Crispy Creole Crabcakes! Do you crave the crispiest creole crab cake on the planet? You’re in luck because it’s right here and easy to make.
The point of your typical creole crab cake is crabby plus crispy with a shot of rémoulade on the side. You want lotsa lumps just barely held together with as little breading as you can get away with. This pretty much eliminates those fine crumbs that come in cans at the grocery store. Appropriate as they are for other uses they render the cakes too dense although in a pinch you can use one cup of stale french bread or ciabatta crumbs in place of the saltines called for in the recipe.
Bayou Crabcakes from Des Allemands
When I was a kid we always had stuffed crabs that my daddy would pick up at some joint in Des Allemands.
I remember them as being tasty, if a bit on the bready side, but mostly remember them as weaponized seafood. After you dug out all the crab filling, the empty shells with the spines made for great sword fights. We would slide back & forth over the terrazzo floor stabbing and slashing like Errol Flynn in a pirate movie.
Crab shell injuries!
This all stopped when my mother stepped on the spine of a shell that had been dropped in the pantry and forgotten. She ended up with a very small and dainty stigma on her left arch (which was high but did not have sufficient clearance for a crab spine).
Since stigmata and stilettos don’t make for comfortable walking we got a stern talking to about how some of the worst accidents can happen right here in the house and not to ever do it again. Translated into kidspeak that meant do it somewhere where she can’t see you doing it and get rid of the evidence when you’re done doing what you were not supposed to be doing. That worked pretty well till we moved on to other forms of juvenile delinquency and their attendant hazards. But time marches on…
And then came the Manhattan crab cakes….
My first encounter with crab cakes like the ones pictured here was in New York at a long gone restaurant in the Flatiron District called ‘Lola’s.’ It was run, surprise, surprise, by a beautiful Baltimore lady named Lola. She may or may not have been the first in NYC to have Jazz Brunches but she was definitely the first to have palm readers roaming the floor to service all interested parties. Watching martini impaired businessmen staring at their hands while the “gypsy fortune teller” retailed her standard variation of the ‘you will find love’ or ‘you will soon be rich’ script was a treat. But the best treat of all was Lola’s crab cakes.
My method (the best!)
Mine, like hers, are simple and concentrate on crab. This may sound obvious but it’s not. You want the sweetest lump crab with just a few enhancements and enough moisture to make it cohere. You can play with the rémoulade all you like but the cake itself should remain pure so let’s get started:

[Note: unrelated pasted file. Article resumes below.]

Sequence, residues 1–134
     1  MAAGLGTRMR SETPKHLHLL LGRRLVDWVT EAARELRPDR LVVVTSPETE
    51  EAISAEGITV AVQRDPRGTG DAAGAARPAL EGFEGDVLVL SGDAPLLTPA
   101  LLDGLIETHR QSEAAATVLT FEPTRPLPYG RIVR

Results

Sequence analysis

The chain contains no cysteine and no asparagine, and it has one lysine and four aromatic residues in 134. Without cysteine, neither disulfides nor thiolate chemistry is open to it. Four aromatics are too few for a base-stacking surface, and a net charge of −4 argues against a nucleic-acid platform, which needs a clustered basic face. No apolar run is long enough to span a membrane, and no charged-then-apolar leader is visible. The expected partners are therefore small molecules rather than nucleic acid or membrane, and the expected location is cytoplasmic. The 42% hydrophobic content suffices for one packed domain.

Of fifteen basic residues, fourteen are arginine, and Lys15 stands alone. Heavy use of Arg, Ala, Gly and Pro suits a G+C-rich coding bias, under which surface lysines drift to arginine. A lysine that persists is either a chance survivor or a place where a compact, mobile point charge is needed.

For my version of crispy creole crab cakes you mix all the ingredients, then last of all work in the crab meat. You can do this with a spatula but I strongly recommend using your hands. It’s easier and less likely to break up the lumps.
Once it is mixed you form the cakes. If you want professional looking cakes that are uniform in size and have straight sides use an egg ring like this:
Put the ring on a greased cookie sheet, fill it, press down lightly with your hand, then slowly lift up the ring. The cakes should look like the ones pictured below. And here’s a hint. If you’re having difficulty manipulating the mixture to get it into the egg ring put the bowl of crab gruel into the freezer for about five or ten minutes. Just enough to firm it up. That makes it easier to spoon out.
Once the cakes are formed dust them with some fine bread crumbs or panko and put in the fridge for thirty minutes. After they’ve chilled you may do one of two things. You can bake them till brown in a 350 oven or you can pan fry them in a small amount of butter – just enough to cover the bottom of the pan. I’ve done it both ways and butter is better. Plus the pan prep yields a crispier crab cake. I mean, once you’ve splurged on crab you might as well splurge on butter.
They’re great as an appetizer or as a main course with a big salad and a glass of Sauvignon Blanc. Just don’t forget to squeeze the lemon before you bite! And for a colorful side try Carrot Vinaigrette Salad.
- For the cakes:
- ½ cup mayonnaise
- 1 large egg, beaten
- 1 tablespoon brown mustard
- 1 tsp. Old Bay Seasoning (or Prudhomme's Seafood Magic)
- ½ tsp. toasted garlic granules (or onion)
- ⅛th tsp. cayenne pepper (or to taste)
- 2 tablespoons parsley, finely chopped
- ½ tsp. salt
- 20 square saltine crackers
- 1 lb. jumbo lump crab
- panko or bread crumbs for dusting
- butter or vegetable oil
- lemon wedges
- For the remoulade sauce:
- ⅓ cup mayonnaise
- 1 tablespoon capers (any size)
- 2 tablespoons parsley, finely chopped
- 1 tablespoon green onion
- 2 tablespoons diced pickles
- 2 tablespoon brown mustard
- fat pinch of cayenne (or ½ tsp. Crystal)
- For the cakes:
- Whisk together the first eight ingredients.
- Crush the saltines and fold in well.
- Very carefully fold in the crab lumps. Do this with your hands.
- Grease a cookie sheet then put the egg ring on it, fill it with the crab mixture, then lift off.
- Dust the tops of the cakes with fine bread crumbs or panko then put the cookie sheet (or sheets) into the refrigerator and chill the cakes for about 20 minutes.
- Lightly oil a fry pan and cook on both sides until brown. Or if you prefer you can cook in the oven @ 350 until browned (about 30 minutes).
- For the remoulade:
- Puree all the ingredients in a blender.
- Save some additional capers for garnish if you like them whole.